FAU Distinguished High Resolution Imaging Researcher William Glenn Dies at 87
BOCA RATON, Fla. (July 18, 2013) – William E. Glenn Jr., Ph.D., a distinguished professor emeritus of electrical engineering at Florida Atlantic University and one of the world’s foremost high resolution imaging researchers, died on July 13 in Fort Lauderdale of heart failure. He was 87.
“Dr. Glenn was one of the most accomplished researchers and a wonderful human being. He was also a much respected colleague in the Department of Computer and Electrical Engineering and Computer Science with a sharp mind for details and new ideas,” said Mohammad Ilyas, Ph.D., interim dean of FAU’s College of Engineering and Computer Science. “His product inventions and technological developments have enriched all of our lives for more than half a century.”
Glenn had a lifetime of innovations, achievements and contributions in the fields of high resolution imaging technology, electronic and optical physics and electrical engineering. He was the head of FAU’s Imaging Technology Center and NASA Imaging Technology Commercial Space Center (formerly Space Communications Technology Center). He has been awarded more than 137 U.S. patents and has published more than105 technical articles. He holds an honored position among about 50 prolific, commercially viable U.S. inventors whose patents are exceeded only by those issued to Thomas Edison.
In 2004, Glenn developed high-definition digital imaging technology that was licensed to Panavision, the world’s leader in the leasing of motion picture and television camera systems. Panavision utilized this technology to develop business strategies for markets such as military, aerospace, surveillance and consumer applications. In 2003, Glenn, sponsored by NASA, the Office of Naval Research and Panavision, developed the High Definition Maximum Value (HDMAX) complementary metal-oxide Semiconductor (CMOS) camera, which exceeded the resolution and performance capabilities of all existing high definition television cameras at that time. Versions of the HDMAX CMOS camera were being developed for the U.S. military for use in coastline security and surveillance and by NASA for space-flight scientific observation, inspection and medical informatics. The camera technology was adapted by scientists affiliated with FAU's Center of Excellence in Biomedical and Marine Biotechnology for use in underwater scientific exploration.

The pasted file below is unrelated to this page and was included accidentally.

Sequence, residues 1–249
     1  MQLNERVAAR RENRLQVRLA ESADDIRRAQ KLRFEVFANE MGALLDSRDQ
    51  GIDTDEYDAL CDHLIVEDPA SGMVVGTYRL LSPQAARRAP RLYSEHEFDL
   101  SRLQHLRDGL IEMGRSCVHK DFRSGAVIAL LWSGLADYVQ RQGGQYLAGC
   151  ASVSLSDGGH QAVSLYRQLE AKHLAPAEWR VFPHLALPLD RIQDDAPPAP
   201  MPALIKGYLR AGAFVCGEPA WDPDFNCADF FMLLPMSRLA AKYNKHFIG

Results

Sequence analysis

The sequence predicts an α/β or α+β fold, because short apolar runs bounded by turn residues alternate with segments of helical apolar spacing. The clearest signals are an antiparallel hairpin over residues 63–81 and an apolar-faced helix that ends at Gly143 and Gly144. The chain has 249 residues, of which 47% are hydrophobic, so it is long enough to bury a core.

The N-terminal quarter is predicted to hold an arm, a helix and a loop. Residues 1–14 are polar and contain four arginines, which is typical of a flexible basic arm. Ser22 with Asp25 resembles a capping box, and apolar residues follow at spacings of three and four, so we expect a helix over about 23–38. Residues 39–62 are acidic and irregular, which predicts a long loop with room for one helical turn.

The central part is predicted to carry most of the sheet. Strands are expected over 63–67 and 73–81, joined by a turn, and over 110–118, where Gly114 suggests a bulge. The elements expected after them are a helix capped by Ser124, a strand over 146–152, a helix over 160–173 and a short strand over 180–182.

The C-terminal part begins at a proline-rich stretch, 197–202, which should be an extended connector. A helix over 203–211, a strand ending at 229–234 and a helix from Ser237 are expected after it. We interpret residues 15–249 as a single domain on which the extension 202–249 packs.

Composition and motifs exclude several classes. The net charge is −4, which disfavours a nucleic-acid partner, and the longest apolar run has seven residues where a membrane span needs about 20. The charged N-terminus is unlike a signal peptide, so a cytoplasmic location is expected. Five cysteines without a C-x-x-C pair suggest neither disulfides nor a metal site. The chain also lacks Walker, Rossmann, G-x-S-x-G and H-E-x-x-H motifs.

Glenn was born on May 12, 1926 in Atlanta, Ga. After World War II, he served five years as a commissioned officer with the rank of ensign in the United States Navy. He received his Bachelor of Electrical Engineering degree from the Georgia Institute of Technology in 1946, and his M.S. and Ph.D. (1952) degrees in the same field from the University of California at Berkeley.
In 1952, Glenn began his career at General Electric Research Laboratories in Schenectady, N.Y., where he developed two totally new types of electro-optical imaging systems: the “Talaria” light-valve projector and a thermoplastic recording-display system. He left GE in 1967 to become the vice president and director of research at CBS Laboratories, Inc., in Stamford Conn., where he worked on systems using holographic techniques, including early forms of ultrasound imaging systems. While there, he sparked pioneering developments in laser optical imaging systems employing orbital satellites for instant worldwide communications. One member of his research staff was Nobel Prize winner Dennis Gabor, the inventor of holography. In 1975, Glenn became the director of the Science and Technology Research Center at the New York Institute of Technology in Dania. In 1989, he joined the faculty at FAU as a distinguished professor, the Motorola endowed professor for electrical and computer engineering and the director of the Imaging Technology Center, including the NASA Imaging Technology Space Center (Research Partnership Center).